Angelica Williams, 33, has been shaped by both sides of Gainesville.
As a student at Gainesville High School, the East side became her home. After graduation, she crossed the divide to the West side as a marketing student at the University of Florida.
Every day, the two bus rides back to East Gainesville was like a magnet pulling her back to reality, she said.
“The East side of town looks like there’s no hope and despair if you’re driving from the University of Florida,” she said. “It looks like the neighborhood goes down, and you feel this doom and gloom type of feeling.”
Williams said she believes that the East side deserves attention from the city that it has yet to receive — especially in the current call for a moratorium on large development.
On Thursday, the Gainesville City Commission discussed the ongoing call to halt major development, especially for student living, in historically Black parts of Gainesville but did not reach a consensus. The movement for a moratorium gained traction in July with the announcement that luxury student housing would be built on the land that was formerly Seminary Lane, an affordable housing complex in Pleasant Street.
Pleasant Street Historic District is one of the areas under consideration for the moratorium, according to a petition shared on Facebook addressed to Mayor Lauren Poe and the city commission. The other areas falling victim to overdevelopment and gentrification include the Porters community, Fifth Avenue and Springhill.
Williams said she believes the city commission sometimes prioritizes the needs of the university over the wellbeing of Eastside citizens.
“I feel like the East side of town doesn’t get the attention it deserves,” she said. “There is plenty of talent and entrepreneurs that are on the East side of town that financially don’t receive the same quality as somebody that was on the West side of town.”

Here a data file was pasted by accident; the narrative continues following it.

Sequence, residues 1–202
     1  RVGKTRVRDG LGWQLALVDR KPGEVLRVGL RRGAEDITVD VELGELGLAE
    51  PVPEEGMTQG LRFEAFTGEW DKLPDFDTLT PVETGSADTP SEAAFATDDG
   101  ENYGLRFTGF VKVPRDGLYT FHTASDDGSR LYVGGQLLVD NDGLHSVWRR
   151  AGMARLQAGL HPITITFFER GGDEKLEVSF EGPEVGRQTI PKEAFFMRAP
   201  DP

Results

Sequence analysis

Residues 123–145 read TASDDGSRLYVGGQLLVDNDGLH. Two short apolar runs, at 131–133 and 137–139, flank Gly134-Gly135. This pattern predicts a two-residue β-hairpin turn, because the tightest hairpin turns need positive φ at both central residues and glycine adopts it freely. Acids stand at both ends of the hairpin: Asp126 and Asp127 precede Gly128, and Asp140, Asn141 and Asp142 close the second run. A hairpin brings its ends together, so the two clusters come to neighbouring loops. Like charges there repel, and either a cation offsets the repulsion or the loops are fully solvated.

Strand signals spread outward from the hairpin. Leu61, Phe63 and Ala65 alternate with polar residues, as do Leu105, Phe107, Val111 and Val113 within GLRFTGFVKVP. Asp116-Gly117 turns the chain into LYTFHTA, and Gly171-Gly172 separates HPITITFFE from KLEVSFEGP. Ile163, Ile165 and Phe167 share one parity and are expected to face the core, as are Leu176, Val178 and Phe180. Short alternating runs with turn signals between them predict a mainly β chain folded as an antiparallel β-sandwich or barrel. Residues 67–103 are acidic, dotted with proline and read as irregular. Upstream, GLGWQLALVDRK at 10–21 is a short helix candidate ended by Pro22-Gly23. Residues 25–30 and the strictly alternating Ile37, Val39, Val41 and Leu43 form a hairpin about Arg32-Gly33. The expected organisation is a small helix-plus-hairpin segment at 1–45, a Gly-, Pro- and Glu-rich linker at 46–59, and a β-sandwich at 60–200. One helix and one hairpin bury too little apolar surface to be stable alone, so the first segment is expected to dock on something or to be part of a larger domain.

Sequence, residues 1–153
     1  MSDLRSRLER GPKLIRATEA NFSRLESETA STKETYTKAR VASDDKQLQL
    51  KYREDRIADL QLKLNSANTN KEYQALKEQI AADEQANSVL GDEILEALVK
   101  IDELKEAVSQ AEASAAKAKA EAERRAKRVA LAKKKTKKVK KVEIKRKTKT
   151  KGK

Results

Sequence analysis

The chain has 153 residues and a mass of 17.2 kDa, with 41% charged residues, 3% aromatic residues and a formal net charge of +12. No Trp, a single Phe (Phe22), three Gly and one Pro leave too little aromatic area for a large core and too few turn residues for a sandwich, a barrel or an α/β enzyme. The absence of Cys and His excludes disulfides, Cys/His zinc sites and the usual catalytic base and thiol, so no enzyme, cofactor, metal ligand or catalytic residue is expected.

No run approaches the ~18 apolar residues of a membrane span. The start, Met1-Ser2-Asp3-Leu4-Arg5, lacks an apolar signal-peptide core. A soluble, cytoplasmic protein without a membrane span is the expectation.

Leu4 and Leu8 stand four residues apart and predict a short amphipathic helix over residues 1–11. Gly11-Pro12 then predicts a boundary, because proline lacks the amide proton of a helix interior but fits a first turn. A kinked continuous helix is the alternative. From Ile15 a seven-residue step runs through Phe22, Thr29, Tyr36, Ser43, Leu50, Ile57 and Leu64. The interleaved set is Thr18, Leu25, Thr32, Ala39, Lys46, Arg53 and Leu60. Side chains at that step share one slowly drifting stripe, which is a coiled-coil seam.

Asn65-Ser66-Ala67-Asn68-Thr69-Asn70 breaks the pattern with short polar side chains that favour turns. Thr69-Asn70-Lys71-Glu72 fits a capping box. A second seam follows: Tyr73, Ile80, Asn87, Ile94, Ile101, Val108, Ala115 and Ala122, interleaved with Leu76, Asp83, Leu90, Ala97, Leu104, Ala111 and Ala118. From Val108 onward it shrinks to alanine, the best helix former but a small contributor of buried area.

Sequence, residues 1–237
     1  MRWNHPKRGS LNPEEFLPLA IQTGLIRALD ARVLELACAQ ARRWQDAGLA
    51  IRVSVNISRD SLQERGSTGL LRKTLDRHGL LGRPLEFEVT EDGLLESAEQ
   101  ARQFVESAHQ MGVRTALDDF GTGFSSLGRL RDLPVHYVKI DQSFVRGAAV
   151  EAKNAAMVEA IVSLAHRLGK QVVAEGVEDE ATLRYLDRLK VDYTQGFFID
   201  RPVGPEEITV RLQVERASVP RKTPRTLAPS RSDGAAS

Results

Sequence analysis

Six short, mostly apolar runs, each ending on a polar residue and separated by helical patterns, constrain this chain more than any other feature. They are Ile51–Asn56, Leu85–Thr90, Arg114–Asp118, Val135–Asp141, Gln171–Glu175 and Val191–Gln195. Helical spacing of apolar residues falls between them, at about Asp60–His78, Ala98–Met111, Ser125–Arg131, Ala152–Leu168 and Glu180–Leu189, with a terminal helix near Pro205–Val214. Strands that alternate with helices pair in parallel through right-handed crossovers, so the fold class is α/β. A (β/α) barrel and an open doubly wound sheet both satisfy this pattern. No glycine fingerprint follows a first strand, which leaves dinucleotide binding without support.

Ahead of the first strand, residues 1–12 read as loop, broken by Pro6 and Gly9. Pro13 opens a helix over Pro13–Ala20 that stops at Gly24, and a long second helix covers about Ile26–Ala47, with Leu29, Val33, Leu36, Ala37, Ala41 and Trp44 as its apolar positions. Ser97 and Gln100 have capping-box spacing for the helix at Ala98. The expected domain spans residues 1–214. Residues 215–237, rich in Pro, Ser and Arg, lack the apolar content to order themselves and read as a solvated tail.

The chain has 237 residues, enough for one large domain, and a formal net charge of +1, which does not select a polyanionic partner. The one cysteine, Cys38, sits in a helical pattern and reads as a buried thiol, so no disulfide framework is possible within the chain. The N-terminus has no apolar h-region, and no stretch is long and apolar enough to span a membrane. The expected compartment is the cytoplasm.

The moratorium on development would help lessen the levels of inequity between East and West Gainesville and white and minority residents, Williams said.
The East side of Gainesville houses a high concentration of low-income and minority residents, according to the 2018 UF Bureau of Economic and Business Research report on inequity in Alachua County. In Alachua County, 35.7 percent of African American households live below the poverty line.
She added that if the moratorium is approved, time needs to be dedicated to establishing much-needed services in East Gainesville. The proposed time-sensitive halt to development would allow for such businesses, including health care facilities and grocery stores.
The only major chain store to buy produce on the East side is a Walmart, Williams said. The area is also lacking in child care.
While the Reichert House provides educational services for some children in the area, others are left struggling, she said.
“There’s not a lot of activity for kids to get into,” she said. “So you find kids getting in more trouble because there’s nothing geared toward them.”
At Eastside High School, 58 percent of students are economically disadvantaged, according to 2018 US News & World Report data. The school also has seen an above-average amount of out-of-school suspensions in past years, but the number is slowly improving.